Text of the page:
Below you'll find the article in its entirety, the article's appropriately titled in the magazine "An Imperfect Match." Curious to get other people's thoughts about whether there should be more match play in college golf, none or whether the balance right now is fine.
In spring 2007 the six members of the NCAA men's Division I golf committee revealed they were making a fundamental change in the format of the national championship, adding a match-play component to determine the winning team in hopes of increasing excitement at the event and interest overall in the sport. Upon hearing the announcement, the college golf community greeted it with essentially two reactions.
(2) It will never last.
As the 2011-12 college campaign begins—and match play still is an integral part of crowning not only the D-I champion but now the D-II as well—the decision continues to elicit similar feelings, albeit now in the form of a hybrid response.
Wow can you believe it has lasted?
Love it or leave it, the format at nationals, where the top eight schools after 54 stroke-play holes compete in a series of head-to-head contests that whittle down to an eventual champion, is here to stay for the near future, leading to an interesting philosophical question.
Will match play ever become a prominent part of the regular season?
Surprisingly, perhaps, the answer seems to be no. More than 4 1/2 years since the decision to incorporate it into college golf's most important tournament, the number of match-play competitions available for teams to gain experience playing the format (outside the confines of a school's own practices) can be counted on one hand.
"It's a really tough sell," says Ryan Ressa, men's coach at Long Beach State, who nevertheless decided to change the format of his school's annual Del Walker Invitational tournament from stroke play, the only new match-play competition added to the 2011-12 calendar. "I think the majority of college coaches don't like match play. I don't get a sense that coaches are really wanting to switch."
The arguments from those resistant to more match play encompass both the big and little pictures. If coaches are supposed to be developing the next generation of tour pros, and match-play tournaments are a disproportionately small segment of the PGA and European tour calendars, shouldn't it be the same at the college level? Moreover, the rankings that help the NCAA committee select at-large teams for the postseason are based on results of stroke-play events. By decreasing the number of those tournaments a school competes in, there's a potential it might harm its chances of receiving a bid to NCAA regionals.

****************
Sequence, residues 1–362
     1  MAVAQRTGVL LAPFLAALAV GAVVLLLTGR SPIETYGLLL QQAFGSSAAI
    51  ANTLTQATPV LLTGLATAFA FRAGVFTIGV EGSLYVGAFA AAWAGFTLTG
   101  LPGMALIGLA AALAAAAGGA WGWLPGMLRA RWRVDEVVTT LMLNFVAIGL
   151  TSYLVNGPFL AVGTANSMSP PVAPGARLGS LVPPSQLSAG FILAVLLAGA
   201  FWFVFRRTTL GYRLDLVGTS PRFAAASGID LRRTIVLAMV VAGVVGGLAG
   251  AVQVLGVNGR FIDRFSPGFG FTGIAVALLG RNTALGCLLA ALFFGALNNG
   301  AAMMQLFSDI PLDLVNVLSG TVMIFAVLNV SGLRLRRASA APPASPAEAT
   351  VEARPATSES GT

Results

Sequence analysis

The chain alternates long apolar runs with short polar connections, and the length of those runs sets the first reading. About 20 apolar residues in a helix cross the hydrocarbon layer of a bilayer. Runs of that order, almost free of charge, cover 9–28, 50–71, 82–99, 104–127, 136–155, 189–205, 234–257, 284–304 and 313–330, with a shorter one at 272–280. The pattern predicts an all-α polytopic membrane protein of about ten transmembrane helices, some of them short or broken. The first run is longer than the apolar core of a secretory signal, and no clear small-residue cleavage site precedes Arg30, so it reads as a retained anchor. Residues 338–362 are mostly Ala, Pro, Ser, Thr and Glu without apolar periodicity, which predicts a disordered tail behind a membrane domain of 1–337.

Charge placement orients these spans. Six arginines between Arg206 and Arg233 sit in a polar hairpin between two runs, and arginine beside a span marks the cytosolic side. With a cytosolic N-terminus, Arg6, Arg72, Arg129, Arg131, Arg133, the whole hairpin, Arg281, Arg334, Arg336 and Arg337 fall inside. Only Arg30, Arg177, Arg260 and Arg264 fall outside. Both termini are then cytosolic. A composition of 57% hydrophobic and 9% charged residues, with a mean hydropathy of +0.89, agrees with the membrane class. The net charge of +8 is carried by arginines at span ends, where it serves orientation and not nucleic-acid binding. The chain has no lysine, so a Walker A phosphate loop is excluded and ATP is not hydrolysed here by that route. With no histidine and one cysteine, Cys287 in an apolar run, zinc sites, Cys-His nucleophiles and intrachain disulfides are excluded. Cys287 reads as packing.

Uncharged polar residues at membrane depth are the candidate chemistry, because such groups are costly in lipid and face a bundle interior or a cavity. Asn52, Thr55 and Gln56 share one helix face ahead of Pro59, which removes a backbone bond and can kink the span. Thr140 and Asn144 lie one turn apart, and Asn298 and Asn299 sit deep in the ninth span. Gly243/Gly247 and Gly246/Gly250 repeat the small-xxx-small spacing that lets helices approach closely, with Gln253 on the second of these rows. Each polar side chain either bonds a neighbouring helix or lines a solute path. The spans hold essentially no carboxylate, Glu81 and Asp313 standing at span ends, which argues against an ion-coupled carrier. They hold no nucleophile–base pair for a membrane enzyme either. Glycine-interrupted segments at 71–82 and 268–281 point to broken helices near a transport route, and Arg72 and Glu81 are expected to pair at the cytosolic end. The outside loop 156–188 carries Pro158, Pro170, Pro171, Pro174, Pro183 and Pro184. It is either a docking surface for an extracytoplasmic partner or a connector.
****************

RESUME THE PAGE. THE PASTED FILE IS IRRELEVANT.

"It's hard to make it work in your schedule given the number of days of competition we can play," says Alabama men's coach Jay Seawell. "It would take away from some of the great tournaments our guys get a chance to go to right now."
Derek Freeman agrees, but he also knows the sick feeling he had in his stomach last spring at Karsten Creek GC. The men's coach at UCLA, the top-ranked team entering the 2011-12 season according to the Golf World/Nike Golf coaches' poll, had seen his squad post the low score in stroke-play qualifying. Less than 24 hours later, the Bruins were bounced from the championship, losing to Duke in their first-round match.
"We did exactly what we set out to accomplish," Freeman said in earning the No. 1 seed heading into match play. "But then we just didn't do a very good job of making the turnaround. Part of that is my issue as a coach. I've got to make sure I prepare my guys better for that turnaround and kind of change their way of thinking for match play."
To help do just that should UCLA get back in that situation next spring when the 2012 championship is held on one of its home courses, Riviera CC, Freeman will be among the eight competing in Long Beach State's event.
"Because the NCAA Championship is now match play, it only makes sense to adjust and try to find more match play. You're an idiot if you don't," contends Washington coach Matt Thurmond, whose team lost in the first round of match play at the 2009 NCAAs and who also is playing at Long Beach. "[If] you want to prepare your team, then you should play more match play."
In 2009 the Big Ten established a conference match-play tournament played in Florida in February, largely to help teams knock off the winter rust but also to help familiarize them with the format. The Big East Conference holds a similar event, and the Golf Coaches Association of America runs a 16-team tournament, being played next March at Concession GC in Florida. Yet, in the three years since the NCAA incorporated match play at nationals, only Texas A&M in 2009 competed in any of these tournaments and actually won the NCAA title in the same season.
Does that mean the preparation argument isn't quite so strong? Maybe, but match-play supporters argue there are tangential benefits that come from playing the format that might help teams and golfers in the long run, even if it doesn't directly lead to a national championship.
"I understand the arguments [against match play], but I think it makes the guys tougher," Ressa says. "If you're playing in a stroke-play event and you finish second or third, you don't really feel too bad. But if you lose a match and you have an opportunity to win or lose it, there's a feeling that's kind of gut-wrenching. That's what all these guys experience in that eight-team bracket [at nationals]. If they lose that thing, they're beat down for a while. You don't get that feeling in golf enough."
Unless there's a sizable shift with respect to coaches' interest in match play, that isn't likely to change.